Fruits and vegetables on display at Pike Place Market Seattle.

Pike Place Market features loads of food stalls like this fruit and veggie place

 

Gum Wall

When I see pictures of the gum wall in Seattle I think ewwww! But if you want to see a giant wall of chewed up chewing gum in an array of colors go see the gum wall at Pike Market.

It’s definitely something out of the ordinary!

 

Olympic Sculpture Garden

Operated by the Seattle Art Museum the Olympic Sculpture Garden is a great place for a walk by the waterfront and some cool sculptures.

You can also continue further to Myrtle Edwards Park and Centennial Park if you’re into jogging or long walks.

 

Water Fountains and sculptures at Olympic Sculpture Park Seattle.

Olympic Sculpture Park is a beautiful walking art garden by the Seattle Art Museum

 

Museum of Pop Culture

Founded by Microsoft co-founder Paul Allen back in 2000 (as Experience Music Project) this non-profit features cool and fun stuff from contemporary popular culture.

Memorabilia from movies, music, Sci-Fi, gaming, etc.

Get hours and info on Pop Culture museum.

 

Glass sculptures in the garden at Dale Chihuly Glass and Garden.

Visit Dale Chihuly Glass and Garden for amazing glass art and beautiful gardens

 

Chihuly Garden and Glass

Dale Chihuly (from Tacoma Washington) popularized glass art in the United States in the form of blown glass sculptures.

Tickets and hours info here.

 

Clusters of glass art hangs from the atrium in Chihuly Glass and Garden.

Inside Chihuly Glass and Garden clusters of glass art hangs from the atrium

 

Space Needle

Completed in 1962 for the World’s Fair, the tower is 605 ft (184 m) tall. A ride up cost $1 in 1962.

It costs a bit more now – get Space Needle ticket info and prices.

The combo Chihuly and Space Needle ticket is a bit cheaper than buying them separate.

 

View of Seattle from the Space Needle

View of Seattle from the Space Needle

 

Pacific Science Center

I didn’t get to the Science Center but it’s on my list for next time in Seattle.

There’s a planetarium, IMAX, and a Laser Dome!

More info here. The Pacific Science Center is close to Chihuly and Space Needle.

 

Large flower sculptures titled Sonic Bloom.

Sonic Bloom flowers in Seattle solar powered sculptures

 

Sonic Bloom

Located at the Pacific Science Center – Sonic Bloom is one of my all time favorite sculptures in the world.

When you walk around the ginormous flower sculptures there are sounds created from your movement – FUN!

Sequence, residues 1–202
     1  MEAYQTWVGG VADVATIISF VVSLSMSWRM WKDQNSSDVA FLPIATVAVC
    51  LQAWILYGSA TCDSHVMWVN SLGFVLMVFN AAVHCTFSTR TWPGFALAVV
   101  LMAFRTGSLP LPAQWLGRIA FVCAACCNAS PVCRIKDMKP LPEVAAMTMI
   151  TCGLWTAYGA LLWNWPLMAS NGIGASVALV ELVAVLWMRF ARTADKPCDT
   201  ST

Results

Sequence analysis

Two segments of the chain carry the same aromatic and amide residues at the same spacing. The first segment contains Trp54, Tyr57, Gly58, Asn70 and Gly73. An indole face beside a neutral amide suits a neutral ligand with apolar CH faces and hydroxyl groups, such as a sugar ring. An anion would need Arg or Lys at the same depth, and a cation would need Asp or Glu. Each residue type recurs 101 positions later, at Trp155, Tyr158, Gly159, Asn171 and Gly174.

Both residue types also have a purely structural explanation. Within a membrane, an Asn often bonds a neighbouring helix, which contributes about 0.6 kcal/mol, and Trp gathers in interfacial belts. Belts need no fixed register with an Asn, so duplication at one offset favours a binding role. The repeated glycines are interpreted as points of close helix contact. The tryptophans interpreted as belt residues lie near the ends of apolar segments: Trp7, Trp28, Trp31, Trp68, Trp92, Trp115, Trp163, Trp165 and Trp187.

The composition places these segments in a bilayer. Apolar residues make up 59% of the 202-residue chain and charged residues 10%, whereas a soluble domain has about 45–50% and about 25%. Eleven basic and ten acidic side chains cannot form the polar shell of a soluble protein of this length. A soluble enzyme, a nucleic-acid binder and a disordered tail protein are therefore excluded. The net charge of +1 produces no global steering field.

Sonic Bloom by Dan Corson – check it out!

 

Seattle Space Needle surrounded by Sonic Bloom flowers.

Seattle Space Needle surrounded by Sonic Bloom flowers

 

Seattle Center

Visit the International Fountain at Seattle Center plus a whole lot of other fun stuff from gardens and museums to shop and theaters, several other fountains, along with dining choices. Seattle Center info.

Located close to Chihuly Garden, Space Needle, MoPop, Sonic Bloom, and Pacific Science Center.

 

Museum of History and Industry

Let’s say you’re into history and industry – there’s a museum for that in Seattle.

The MOHAI has fun and interactive exhibits for history buffs and curious kids of all ages – info on tickets and hours here.

 

Lake Union Park

This is where the previously mentioned MOHAI is located so spend some time in the museum then enjoy the outdoors along Lake Union.

And you can also visit another museum – the Center for Wooden Boats – more Lake Union Park info.

 

Pier 66

Enjoy the waterfront, go on a cruise, or hang out on a restaurant patio for lunch.

Pier 66 is just a couple of blocks from Pike Place Market.

 

Sailboats docked at Pier 66 at downtown Seattle waterfront

Sailboats docked at Pier 66 at downtown Seattle waterfront

 

Seattle Great Wheel

Take a ride on the big Seattle Ferris Wheel known as Seattle Great Wheel. Located on the waterfront you will have outstanding views of Seattle.

Get info and directions for Seattle Great Wheel.

 

Seattle Art Museum

Art is good for your soul – visit the Seattle Art Museum and you’ll feel marvelous.

Check out current exhibit info and other stuff here.

 

Urban art in downtown Seattle with large squares of purple, blue, red, yellow, lime green, and orange.

Urban art in downtown Seattle – attention grabbing colorful squares

 

Waterfront Park

Enjoy the Seattle skyline and you guessed it, the waterfront! This park is located at Pier 57 – 59 over by the Seattle Great Wheel.

 

Seattle Great Wheel viewed from Elliott Bay

Seattle Great Wheel viewed from Elliott Bay

 

Klondike Gold Rush National Historic Park

Located in the historic Cadillac Hotel building, built shortly after the Great Seattle Fire of 1889, Klondike Gold Rush National Historic Park brings you back to the euphoria of the gold rush in 1897 to 1898 after gold was discovered on a tributary of the Klondike River in the Yukon Territory of Canada.

Get info on hours and more here.